The current place is in one of the iconic looking buildings lining the Rue de Rivoli, near the Place de la Concorde – which is the last place I ever expected to find a jazz concert.  It is above all a private club for Swedish people, but it offers these concerts every Wednesday, and even if you are not a member you can attend, paying 15 euros for the music.  You can also order drinks, or even a meal. (Ornella and I had the salads, hers a salmon salad, mine the haddock salad.)

As  you can see from the photo and my short video excerpt, that the place is a beautiful ornate classic mansion inside – but as I said, the atmosphere is relaxed, and it also gave me naturally a taste of Sweden, including being able to touch the desk that I was told was the one that Alfred Nobel used to sign the decree launching the Nobel Prizes.  

Now that is class!  Like Clark, Nilsson and the place itself.  

A Piano City Day Ends on a Note From a Guitar Open Mic

May 30, 2017
bradspurgeon

Salumeria Open Mic

Salumeria Open Mic

I am late, late, late in coming out with this one, since a personal blog is all about momentum, and recently I lost the momentum. But I always say there is nothing to worry about on a personal blog – and in life itself – that if the momentum dips, pick up the momentum again! I’m referring to a day on my last trip to Italy that started with a piano event at the TAC Teatro that was just one of dozens set all around Milan, and ended with a fairly last-minute decision to hold an open mic at a bar-restaurant, which turned out to be a great success.

The first event, at TAC, was part of a city-wide event called “Piano City,” in which for a three-day weekend there are small piano concerts all over Milan. TAC hosted one of these little concerts, with a demonstration of four-handed piano playing. It was quite successful, with perhaps close to 30 spectators. When you consider there were dozens of these events in various locations throughout the city on the same day, that must have brought together quite an audience for the piano!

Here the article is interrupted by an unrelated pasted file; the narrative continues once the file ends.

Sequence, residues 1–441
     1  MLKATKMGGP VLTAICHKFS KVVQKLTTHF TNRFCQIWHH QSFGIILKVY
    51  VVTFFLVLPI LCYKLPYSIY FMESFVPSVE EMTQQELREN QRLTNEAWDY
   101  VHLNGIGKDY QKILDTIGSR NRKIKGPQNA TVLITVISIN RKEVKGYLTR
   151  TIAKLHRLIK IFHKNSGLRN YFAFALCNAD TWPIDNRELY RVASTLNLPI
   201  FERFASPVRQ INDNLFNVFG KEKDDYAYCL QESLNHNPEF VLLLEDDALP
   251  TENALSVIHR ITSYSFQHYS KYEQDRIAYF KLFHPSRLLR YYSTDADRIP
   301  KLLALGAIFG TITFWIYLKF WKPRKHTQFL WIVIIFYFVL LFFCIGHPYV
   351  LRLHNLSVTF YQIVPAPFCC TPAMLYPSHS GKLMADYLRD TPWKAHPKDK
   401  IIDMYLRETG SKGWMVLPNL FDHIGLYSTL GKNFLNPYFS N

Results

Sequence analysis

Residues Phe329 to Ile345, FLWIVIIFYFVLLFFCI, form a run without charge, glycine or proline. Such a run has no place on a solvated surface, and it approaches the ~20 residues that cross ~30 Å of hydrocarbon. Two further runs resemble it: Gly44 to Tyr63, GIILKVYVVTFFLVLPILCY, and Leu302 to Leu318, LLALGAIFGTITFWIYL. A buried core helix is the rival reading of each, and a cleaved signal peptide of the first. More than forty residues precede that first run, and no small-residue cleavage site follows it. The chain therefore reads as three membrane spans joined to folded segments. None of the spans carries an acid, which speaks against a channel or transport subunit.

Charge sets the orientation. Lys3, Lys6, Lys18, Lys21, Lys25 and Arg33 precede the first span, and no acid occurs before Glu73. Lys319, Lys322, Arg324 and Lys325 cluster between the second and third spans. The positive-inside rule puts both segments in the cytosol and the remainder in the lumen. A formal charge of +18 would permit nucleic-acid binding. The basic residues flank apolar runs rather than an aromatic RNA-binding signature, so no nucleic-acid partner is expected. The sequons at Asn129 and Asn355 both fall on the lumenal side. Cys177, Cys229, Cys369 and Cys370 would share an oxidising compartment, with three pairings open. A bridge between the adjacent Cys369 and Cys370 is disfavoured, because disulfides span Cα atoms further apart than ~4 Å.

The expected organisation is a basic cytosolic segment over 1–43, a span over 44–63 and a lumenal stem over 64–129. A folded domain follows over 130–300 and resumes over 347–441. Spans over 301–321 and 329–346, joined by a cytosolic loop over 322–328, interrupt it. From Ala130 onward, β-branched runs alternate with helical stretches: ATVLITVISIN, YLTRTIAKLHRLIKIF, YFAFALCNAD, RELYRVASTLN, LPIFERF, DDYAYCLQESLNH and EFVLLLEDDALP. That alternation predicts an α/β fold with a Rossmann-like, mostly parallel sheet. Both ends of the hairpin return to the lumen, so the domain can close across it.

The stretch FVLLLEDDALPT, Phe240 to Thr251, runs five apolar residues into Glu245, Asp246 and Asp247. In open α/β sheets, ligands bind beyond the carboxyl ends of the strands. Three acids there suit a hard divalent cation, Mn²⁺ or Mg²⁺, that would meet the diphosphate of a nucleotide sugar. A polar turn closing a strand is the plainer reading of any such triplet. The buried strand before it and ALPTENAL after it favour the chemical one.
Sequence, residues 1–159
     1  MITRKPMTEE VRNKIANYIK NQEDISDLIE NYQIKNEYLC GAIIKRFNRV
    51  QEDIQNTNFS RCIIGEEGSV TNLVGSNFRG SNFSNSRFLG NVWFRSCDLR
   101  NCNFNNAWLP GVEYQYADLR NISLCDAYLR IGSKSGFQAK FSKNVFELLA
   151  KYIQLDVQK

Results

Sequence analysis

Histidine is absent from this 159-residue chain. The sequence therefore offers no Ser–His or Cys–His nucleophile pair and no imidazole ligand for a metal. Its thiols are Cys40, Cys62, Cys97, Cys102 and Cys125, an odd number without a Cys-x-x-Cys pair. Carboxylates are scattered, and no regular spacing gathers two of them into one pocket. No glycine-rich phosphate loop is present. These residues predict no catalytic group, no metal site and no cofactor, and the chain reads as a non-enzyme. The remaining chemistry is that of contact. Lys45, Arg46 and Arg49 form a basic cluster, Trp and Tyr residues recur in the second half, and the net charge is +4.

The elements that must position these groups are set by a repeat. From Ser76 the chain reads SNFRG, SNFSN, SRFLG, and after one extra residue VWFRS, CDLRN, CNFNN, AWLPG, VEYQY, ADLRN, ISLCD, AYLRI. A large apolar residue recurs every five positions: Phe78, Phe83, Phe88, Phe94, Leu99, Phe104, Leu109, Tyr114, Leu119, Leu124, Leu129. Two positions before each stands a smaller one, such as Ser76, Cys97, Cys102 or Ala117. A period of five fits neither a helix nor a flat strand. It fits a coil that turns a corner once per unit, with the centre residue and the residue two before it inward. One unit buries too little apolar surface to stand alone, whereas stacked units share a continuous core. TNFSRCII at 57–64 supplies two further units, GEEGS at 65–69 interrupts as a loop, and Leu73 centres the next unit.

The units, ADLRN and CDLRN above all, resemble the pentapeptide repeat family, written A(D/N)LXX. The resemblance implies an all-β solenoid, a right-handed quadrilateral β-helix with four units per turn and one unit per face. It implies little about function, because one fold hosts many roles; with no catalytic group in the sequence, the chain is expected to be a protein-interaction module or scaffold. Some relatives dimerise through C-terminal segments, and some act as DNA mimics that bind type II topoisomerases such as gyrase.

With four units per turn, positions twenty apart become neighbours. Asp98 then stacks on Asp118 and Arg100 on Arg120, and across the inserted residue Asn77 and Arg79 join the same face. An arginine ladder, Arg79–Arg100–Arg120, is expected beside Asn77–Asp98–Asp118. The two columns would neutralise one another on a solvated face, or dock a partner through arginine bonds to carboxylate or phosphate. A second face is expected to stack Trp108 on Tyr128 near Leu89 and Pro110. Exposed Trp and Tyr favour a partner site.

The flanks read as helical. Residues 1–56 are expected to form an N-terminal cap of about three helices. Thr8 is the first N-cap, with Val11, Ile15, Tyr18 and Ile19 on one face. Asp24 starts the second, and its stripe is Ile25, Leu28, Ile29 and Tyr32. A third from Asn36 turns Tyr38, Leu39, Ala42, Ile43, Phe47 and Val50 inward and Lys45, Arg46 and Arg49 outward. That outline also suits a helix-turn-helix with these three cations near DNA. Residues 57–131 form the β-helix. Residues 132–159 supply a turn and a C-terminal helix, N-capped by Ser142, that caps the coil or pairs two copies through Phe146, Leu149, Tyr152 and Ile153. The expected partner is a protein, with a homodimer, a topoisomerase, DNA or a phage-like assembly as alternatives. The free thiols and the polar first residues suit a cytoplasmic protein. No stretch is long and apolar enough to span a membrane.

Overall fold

“This year, once again, pianos will invade houses, yards, stations, roofs, farmsteads, museums, schools, libraries, laboratories, parks. Music won’t stop from the sunset to the dawn and from the dawn until the sunset in a continuous love declaration for the piano, its music and for the city of Milan,” says the Piano City web site. “In these last six years, like a kaleidoscope, we changed and shaped ourselves to give voice to the music and to the most surprising urban sites. 2017 edition wants to tell about these five years of changes throughout Milan. A two-day&night journey from the centre to the suburbs on the notes of our pianos spread in the best spaces telling the story of the city from historical locations to new areas.”


Piano City event at TAC Teatro

That same night, I went to an impromptu open mic at the cool bar/restaurant near the Via Padova called, Salumeria del design. It seems the open mic was part of another related musical day event, but in any case, the bar decided to open the mic to any musicians who wanted to play. It turned out to have a wide-cross-section of styles, if there were only four or five of us in total. But that gave us the opportunity to share the mic throughout the evening.
Fifth at the Salumeria open mic in Milan

And I enjoyed hearing the different Italian musicians singing Italian songs I had never heard, and keeping the English to a minimum – or leaving it to me. I got to close the evening, playing to just a handful of people at the end who wanted to hear me, after quite a raucous night of music before that with the crowd singing along to the popular Italian repertoire….
Second at the Salumeria open mic in Milan

Paolo Alderghi, Stephane Trick and a Special Guest at the Humaniter in Milan – All (Family) Hands on Deck

February 3, 2017
bradspurgeon

Paolo and Stephanie

Paolo and Stephanie